The other thing I did, quite naturally, during this time was to talk about what I was doing when I caught up with friends and family. They were all interested and wanted to know more. In my initial draft of this post I didn't actually mention this step, but it was actually massive. It meant that the people who know and trust me most got to know about what I was doing and think about how they could use my services. It also meant I could test my ideas and check clarity around my business plan.
Even though this post is not about growing social media, for me, social media was an excellent way to reach out to my existing contacts. My next step was to write a short intro to Craft Media Workshop, throw in a bunch of links to my new socials and website and post this to my existing contacts on Facebook. For maximum effect, I did this during a high-traffic period (7.30pm, Wednesday). Facebook was my top choice because in New Zealand it’s by far the most popular social channel. It’s also the one I personally use most often, have the most contacts on and understand the best.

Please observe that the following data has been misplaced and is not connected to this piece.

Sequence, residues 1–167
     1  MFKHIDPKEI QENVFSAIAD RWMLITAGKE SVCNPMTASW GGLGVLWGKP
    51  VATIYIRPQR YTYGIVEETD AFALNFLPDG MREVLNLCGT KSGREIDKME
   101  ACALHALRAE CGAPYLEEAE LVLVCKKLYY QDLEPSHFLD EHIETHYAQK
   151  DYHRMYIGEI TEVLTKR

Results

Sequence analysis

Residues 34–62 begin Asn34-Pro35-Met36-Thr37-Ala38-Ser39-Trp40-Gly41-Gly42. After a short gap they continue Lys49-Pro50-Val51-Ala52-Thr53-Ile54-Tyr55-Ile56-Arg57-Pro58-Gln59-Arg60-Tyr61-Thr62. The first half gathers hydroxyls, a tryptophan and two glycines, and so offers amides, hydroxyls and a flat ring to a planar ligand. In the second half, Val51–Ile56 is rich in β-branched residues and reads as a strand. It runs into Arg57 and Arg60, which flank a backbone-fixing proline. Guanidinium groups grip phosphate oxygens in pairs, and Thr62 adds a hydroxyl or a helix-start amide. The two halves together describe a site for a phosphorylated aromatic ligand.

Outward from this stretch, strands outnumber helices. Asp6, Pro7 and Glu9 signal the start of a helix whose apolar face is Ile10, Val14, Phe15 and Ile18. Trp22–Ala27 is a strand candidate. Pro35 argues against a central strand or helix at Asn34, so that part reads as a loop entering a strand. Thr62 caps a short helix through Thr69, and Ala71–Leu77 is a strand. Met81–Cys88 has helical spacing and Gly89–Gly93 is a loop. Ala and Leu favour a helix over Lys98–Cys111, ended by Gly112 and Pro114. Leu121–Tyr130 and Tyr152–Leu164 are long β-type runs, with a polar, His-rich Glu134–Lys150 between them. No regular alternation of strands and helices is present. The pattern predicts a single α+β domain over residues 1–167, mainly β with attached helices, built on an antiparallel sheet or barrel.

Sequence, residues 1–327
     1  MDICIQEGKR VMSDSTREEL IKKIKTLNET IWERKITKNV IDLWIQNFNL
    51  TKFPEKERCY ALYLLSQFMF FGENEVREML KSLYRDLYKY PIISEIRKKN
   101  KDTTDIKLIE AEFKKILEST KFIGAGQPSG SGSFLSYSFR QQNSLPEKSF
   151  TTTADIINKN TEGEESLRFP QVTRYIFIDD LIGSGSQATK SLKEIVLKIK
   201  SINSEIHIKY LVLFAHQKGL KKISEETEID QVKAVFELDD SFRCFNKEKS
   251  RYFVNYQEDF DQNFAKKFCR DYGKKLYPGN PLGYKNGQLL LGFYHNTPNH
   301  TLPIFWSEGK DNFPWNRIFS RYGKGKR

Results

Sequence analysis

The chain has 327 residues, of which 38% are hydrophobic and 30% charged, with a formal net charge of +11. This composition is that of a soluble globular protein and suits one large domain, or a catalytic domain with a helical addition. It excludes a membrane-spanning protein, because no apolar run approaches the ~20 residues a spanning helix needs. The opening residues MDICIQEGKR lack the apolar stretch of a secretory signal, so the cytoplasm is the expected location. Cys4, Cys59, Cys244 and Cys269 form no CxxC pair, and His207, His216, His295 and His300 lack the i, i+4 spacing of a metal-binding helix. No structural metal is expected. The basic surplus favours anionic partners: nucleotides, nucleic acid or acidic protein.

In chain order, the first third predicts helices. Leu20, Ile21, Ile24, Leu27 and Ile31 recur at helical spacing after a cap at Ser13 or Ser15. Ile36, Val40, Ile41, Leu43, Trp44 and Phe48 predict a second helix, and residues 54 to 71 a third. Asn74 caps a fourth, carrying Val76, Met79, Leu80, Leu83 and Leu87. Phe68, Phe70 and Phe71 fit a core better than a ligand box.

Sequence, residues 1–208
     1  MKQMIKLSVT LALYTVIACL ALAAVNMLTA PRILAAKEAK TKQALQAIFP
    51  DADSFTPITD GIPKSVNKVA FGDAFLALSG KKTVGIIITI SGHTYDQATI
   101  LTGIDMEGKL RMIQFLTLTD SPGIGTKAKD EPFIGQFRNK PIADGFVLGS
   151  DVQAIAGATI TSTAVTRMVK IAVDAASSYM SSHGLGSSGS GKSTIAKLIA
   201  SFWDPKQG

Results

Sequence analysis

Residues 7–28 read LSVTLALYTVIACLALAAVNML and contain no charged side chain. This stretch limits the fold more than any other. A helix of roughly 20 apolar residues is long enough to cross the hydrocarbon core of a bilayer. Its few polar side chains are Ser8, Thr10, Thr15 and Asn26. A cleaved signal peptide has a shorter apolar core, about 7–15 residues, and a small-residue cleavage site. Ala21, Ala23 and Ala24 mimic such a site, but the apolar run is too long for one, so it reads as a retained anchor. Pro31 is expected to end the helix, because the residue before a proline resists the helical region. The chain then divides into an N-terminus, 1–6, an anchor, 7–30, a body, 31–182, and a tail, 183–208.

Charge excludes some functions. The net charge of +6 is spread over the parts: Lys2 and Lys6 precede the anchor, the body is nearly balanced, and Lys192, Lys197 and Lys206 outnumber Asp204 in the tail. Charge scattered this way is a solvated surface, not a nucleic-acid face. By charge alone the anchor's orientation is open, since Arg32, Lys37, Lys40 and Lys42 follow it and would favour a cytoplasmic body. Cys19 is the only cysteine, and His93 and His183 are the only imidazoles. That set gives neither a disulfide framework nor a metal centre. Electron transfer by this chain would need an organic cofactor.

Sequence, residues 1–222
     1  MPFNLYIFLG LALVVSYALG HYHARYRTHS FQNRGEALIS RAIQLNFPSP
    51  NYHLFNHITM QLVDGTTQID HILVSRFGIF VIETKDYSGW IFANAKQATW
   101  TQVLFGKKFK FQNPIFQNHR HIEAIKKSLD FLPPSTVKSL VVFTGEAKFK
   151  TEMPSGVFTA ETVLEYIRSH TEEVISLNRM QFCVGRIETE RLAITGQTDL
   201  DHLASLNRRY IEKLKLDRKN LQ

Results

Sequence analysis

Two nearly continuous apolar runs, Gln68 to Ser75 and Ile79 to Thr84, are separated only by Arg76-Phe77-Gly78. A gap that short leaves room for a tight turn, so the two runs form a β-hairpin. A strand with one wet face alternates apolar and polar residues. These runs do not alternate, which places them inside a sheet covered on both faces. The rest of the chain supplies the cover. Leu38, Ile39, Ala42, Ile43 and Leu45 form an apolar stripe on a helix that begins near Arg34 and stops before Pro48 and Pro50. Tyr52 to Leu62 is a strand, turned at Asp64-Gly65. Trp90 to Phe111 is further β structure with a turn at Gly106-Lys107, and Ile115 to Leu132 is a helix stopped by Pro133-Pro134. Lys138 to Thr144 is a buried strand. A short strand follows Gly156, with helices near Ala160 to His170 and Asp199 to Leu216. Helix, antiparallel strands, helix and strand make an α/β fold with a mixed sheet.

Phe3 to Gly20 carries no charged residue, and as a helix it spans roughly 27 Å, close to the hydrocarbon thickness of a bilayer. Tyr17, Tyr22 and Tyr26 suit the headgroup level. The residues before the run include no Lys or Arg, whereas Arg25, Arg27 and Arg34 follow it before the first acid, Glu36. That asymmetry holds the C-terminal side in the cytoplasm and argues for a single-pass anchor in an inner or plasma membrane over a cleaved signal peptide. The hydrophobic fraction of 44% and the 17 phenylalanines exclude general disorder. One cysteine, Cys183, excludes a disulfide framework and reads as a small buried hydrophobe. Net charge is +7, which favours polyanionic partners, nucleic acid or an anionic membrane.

After I posted my launch blurb I went through my Facebook friends list and invited everyone I thought would be interested to like the new Craft Media Workshop page.
I stayed on Facebook fielding congratulations and comments for several hours, feeling grateful to have such supportive friends, family and contacts. This also encouraged Facebook to push the post higher up in my friends’ feeds.
By the end of the evening, I had 117 brand new page followers, and my website traffic was up 1000%. In other words, a lot of the people I already knew were now aware of what I was doing, and had had a look at what I had to offer.
Take it personal
During business hours the next day, I sent pre-drafted emails talking about my new company to four key ex-colleagues. These emails outlined my offering and included an invitation to suggest how we might work together. I also sent a friendly email to a group of people I used to work with, letting them know about my new direction and asking them to pass my contacts along if anyone needed my services.